In facing the challenges elaborated here, a range of governments, civil society, private sector actors and development partners have created approaches that integrate environmental sustainability and equity and promote human development— win- win-win strategies. Effective solutions must be context-specific. But it is important, nonetheless, to consider local and national experiences that show potential and to recognize principles that apply across contexts. At the local level we stress the need for inclusive institutions; and at the national level, the scope for the scaling up of successful innovations and policy reform.
The policy agenda is vast. The Report cannot do it full justice— but the value added is in identifying win-win-win strategies that demonstrate success in addressing our social, economic and environmental challenges by managing, or even bypassing, trade-offs through approaches that are good not only for the environment but also for equity and human development more broadly. To inspire debate and action, we offer concrete examples showing how the strategy of overcoming potential trade-offs and identifying positive synergies has worked in practice. Here, we present the example of modern energy.
Energy is central to human development, yet some 1.5 billion people worldwide— more than one in five— lack electricity. Among the multidimensionally poor the deprivations are much greater— one in three lacks access.
Is there a trade-off between expanding energy provision and carbon emissions? Not necessarily. We argue that this relationship is wrongly characterized. There are many promising prospects for expanding access without a heavy environmental toll:
Global energy supply reached a tipping point in 2010, with renewables accounting for 25 percent of global power capacity and delivering more than 18 percent of global electricity. The challenge is to expand access at a scale and speed that will improve the lives of poor women and men now and in the future.
A broader menu of measures to avert environmental degradation ranges from expanding reproductive choice to promoting community forest management and adaptive disaster responses.
Reproductive rights, including access to reproductive health services, are a precondition for women’s empowerment and could avert environmental degradation. Major improvements are feasible. Many examples attest to the opportunities for using the existing health infrastructure to deliver reproductive health services at little additional cost and to the importance of community involvement. Consider Bangladesh, where the fertility rate plunged from 6.6 births per woman in 1975 to 2.4 in 2009. The government used outreach and subsidies to make contraceptives more easily available and influenced social norms through discussions with opinion leaders of both sexes, including religious leaders, teachers and nongovernmental organizations.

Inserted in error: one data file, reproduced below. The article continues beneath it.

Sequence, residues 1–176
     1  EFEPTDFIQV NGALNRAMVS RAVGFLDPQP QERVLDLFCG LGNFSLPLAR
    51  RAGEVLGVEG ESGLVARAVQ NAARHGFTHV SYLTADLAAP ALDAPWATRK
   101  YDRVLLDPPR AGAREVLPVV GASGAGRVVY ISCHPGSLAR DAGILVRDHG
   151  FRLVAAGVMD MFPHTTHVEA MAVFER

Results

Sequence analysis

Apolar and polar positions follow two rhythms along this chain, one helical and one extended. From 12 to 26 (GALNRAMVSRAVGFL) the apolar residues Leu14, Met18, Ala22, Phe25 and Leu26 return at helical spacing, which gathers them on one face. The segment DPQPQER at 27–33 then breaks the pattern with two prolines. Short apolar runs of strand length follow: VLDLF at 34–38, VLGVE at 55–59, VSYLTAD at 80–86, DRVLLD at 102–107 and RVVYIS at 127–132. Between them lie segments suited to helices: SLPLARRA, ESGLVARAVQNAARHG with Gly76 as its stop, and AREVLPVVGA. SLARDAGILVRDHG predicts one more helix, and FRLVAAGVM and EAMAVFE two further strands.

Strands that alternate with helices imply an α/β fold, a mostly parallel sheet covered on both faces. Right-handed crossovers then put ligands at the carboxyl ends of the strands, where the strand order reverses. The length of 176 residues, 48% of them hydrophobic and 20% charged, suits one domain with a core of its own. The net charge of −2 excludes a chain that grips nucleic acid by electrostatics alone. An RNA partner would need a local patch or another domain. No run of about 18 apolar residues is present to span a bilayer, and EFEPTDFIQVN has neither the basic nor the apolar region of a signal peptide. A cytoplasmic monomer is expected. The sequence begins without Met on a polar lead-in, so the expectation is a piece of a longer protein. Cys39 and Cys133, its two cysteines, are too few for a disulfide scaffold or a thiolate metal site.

Community forest management could redress local environmental degradation and mitigate carbon emissions, but experience shows that it also risks excluding and disadvantaging already marginalized groups. To avoid these risks, we underline the importance of broad participation in designing and implementing forest management, especially for women, and of ensuring that poor groups and those who rely on forest resources are not made worse-off.
Promising avenues are also emerging to reduce the adverse impacts of disasters through equitable and adaptive disaster responses and innovative social protection schemes. Disaster responses include community-based riskmapping and more progressive distribution of reconstructed assets. Experience has spurred a shift to decentralized models of risk reduction. Such efforts can empower local communities, particularly women, by emphasizing participation in design and decision-making. Communities can rebuild in ways that redress existing inequalities.